Dr. Leander Seah (PhD, University of Pennsylvania) teaches East Asian history, Southeast Asian history, and modern world history at Stetson. In terms of research, as an ethnic Chinese citizen of Singapore who lives in the United States, he is particularly interested in migration and diasporas, maritime China and maritime Southeast Asia, modern China, modern Japan, and transnational and world history. He has published journal articles, has presented his work at conferences in the United States, Singapore, Hong Kong and mainland China, and is currently revising a book manuscript based on his doctoral dissertation, "Conceptualizing the Chinese World: Jinan University, Nanyang Migrants, and Trans-Regionalism, 1900-1941." His accolades include seventeen fellowships, research grants and awards from the Association for Asian Studies, the Lynde and Harry Bradley Foundation, the Center for Chinese Studies in Taiwan, the National Library Board of Singapore, the National University of Singapore, the University of Pennsylvania, and Stetson University. Funding from many of these sources has enabled him to carry out research in Hong Kong, mainland China, Taiwan, Singapore, and the United States. His current personal interests include traveling, supporting Liverpool Football Club (soccer) and the Philadelphia Phillies, enjoying Asian movies and Asian cuisine, reading historical fiction, and collecting academic books.

FSEM 100-63 (CRN 5024) Discussions of Capitalism

This writing-intensive and critical-thinking course will focus on the development of capitalism as a form of economic activity. The course will also feature discussions of creativity and innovation as cornerstones for modern business practices. Required reading for the course includes Edward de Bono's Six Thinking Hats, which guide the discussion of capitalism and American business. The other primary reading for the course is Joyce Appleby's The Relentless Revolution: A History of Capitalism.

Your Professor

Dr. Scott Jones is Associate Professor of Marketing in the School of Business Administration. Dr. Jones earned a PhD at the University of Oregon. He has published more than 25 intellectual contributions including manuscripts in the Journal of Service Research, Journal of Public Policy and Marketing, Journal of Internet Commerce, and Sport Marketing Quarterly. Broadly, his research focuses on the relationship between consumers and brands. Dr. Jones teaches courses in Stetson's First Year Seminar program, sport marketing as well as other core marketing requirements including Marketplace and Consumers. He is the advisor for Stetson's American Marketing Association.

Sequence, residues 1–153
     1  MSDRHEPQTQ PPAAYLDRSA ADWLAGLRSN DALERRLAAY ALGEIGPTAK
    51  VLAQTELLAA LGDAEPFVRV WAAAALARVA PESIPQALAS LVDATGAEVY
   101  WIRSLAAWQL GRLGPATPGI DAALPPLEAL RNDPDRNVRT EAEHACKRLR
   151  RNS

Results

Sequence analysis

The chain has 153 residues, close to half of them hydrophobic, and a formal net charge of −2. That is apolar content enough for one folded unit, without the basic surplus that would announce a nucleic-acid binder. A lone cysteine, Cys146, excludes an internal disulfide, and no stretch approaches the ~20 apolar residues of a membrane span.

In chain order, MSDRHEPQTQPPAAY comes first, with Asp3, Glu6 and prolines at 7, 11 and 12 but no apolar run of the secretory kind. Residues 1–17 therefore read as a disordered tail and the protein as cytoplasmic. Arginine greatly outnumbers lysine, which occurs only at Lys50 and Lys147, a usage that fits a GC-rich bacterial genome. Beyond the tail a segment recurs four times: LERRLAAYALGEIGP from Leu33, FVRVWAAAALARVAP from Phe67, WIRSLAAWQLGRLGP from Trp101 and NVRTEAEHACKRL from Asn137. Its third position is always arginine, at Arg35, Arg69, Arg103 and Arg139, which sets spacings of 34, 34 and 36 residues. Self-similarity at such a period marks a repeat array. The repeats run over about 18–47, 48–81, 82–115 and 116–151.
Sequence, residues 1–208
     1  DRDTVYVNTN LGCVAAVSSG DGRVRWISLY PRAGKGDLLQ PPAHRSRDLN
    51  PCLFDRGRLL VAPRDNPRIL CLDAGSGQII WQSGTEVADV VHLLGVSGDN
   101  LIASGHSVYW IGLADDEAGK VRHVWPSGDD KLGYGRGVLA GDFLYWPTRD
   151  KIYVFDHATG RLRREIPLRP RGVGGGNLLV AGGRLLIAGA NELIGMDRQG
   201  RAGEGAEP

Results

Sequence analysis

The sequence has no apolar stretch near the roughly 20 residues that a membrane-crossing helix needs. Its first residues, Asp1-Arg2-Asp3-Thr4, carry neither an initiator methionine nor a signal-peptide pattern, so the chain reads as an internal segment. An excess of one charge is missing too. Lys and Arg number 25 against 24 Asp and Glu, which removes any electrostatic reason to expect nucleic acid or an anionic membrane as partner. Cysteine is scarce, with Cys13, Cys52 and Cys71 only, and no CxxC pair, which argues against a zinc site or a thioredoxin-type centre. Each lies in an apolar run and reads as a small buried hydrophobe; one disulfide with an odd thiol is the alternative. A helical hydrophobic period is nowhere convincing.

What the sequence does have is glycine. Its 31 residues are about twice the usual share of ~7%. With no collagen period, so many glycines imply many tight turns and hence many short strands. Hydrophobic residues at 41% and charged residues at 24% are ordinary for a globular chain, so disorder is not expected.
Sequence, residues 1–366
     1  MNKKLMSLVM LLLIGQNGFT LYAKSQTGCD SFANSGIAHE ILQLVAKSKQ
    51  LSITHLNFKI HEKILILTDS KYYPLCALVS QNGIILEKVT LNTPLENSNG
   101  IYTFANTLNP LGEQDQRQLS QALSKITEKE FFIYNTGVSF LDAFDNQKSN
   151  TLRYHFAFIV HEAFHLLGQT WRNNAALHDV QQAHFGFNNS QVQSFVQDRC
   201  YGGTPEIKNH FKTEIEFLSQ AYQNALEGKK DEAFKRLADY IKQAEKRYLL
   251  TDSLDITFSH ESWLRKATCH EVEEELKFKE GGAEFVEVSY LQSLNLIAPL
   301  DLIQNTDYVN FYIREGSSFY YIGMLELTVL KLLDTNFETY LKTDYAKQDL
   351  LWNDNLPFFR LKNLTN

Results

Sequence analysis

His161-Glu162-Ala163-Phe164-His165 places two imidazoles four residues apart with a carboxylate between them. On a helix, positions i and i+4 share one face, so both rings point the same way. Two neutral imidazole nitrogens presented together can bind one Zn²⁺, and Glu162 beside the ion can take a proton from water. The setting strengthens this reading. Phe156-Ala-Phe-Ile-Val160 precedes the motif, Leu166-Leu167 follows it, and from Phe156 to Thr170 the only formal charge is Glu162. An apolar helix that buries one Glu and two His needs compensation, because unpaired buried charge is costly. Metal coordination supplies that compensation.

FSEM 100-65 (CRN 5026) The Undergraduate Experience

College is sometimes billed as "the four best years of your life." It can be an incredible experience of intellectual and social growth. It can be a transformational rite of passage. It can be a time to explore new ideas, define personal values, and identify lifelong passions. It can be all these things- and a lot of fun as well. But too often, students find themselves "academically adrift" (to use the title of one recent book); others experience nothing more than "animal house" (as in the popular film). And at an increasingly high price as well- for many students, a college education will be one of the two most expensive items they will ever purchase. Meanwhile, the higher education industry is itself in flux, faced with rapid changes and numerous challenges. In this course, we will explore "the undergraduate experience" as it is portrayed in fiction, nonfiction, and film. We will discuss how to "get your money's worth" from what Stetson has to offer. And we will consider how to act as change agents for an improved academic experience, be it on campus or around the world.

Your Professor

Dr. Rebecca Oliphant is Associate Professor of Marketing in the School of Business Administration. She teaches International Marketing, Professional Selling and Marketing Decision Making. She has been a visiting professor in Kufstein, Austria where she teaches Consumer Behavior and Advertising. Dr. Oliphant has organized trips for Stetson students to such places as Australia, New Zealand, China, Japan, Austria, Germany, Italy and Hong Kong. Dr. Oliphant's research interests are international studies and career planning. Most recently she was selected as one of only 43 professors (5 businesses professors) from over 500 applications to sail on the MV Explorer as it sails on an around the world voyage. She graduated from California University of Pennsylvania with both her BA and her M.Ed and counts Disney and NBC as former employers. She received her PhD in Organizational Communication and Management from The Florida State University. In 2010 Dr. Oliphant received the "Teacher of the Year Award" for the School of Business Administration.

FSEM 100-66 (CRN 5027) Applying Self Awareness to College and Career

The college years are some of the most formative of your life, and you will be faced with important decisions about the paths you will follow. Self-assessment, self-reflection, and dialogue are essential to your journey. In this seminar, you will have the opportunity to better understand yourself and how this understanding relates to both enjoying and succeeding in college and in your personal life. Significant parts of the course will include talking with your peers, the Myers-Briggs Type Indicator, values clarification, and objective feedback.

Your Professor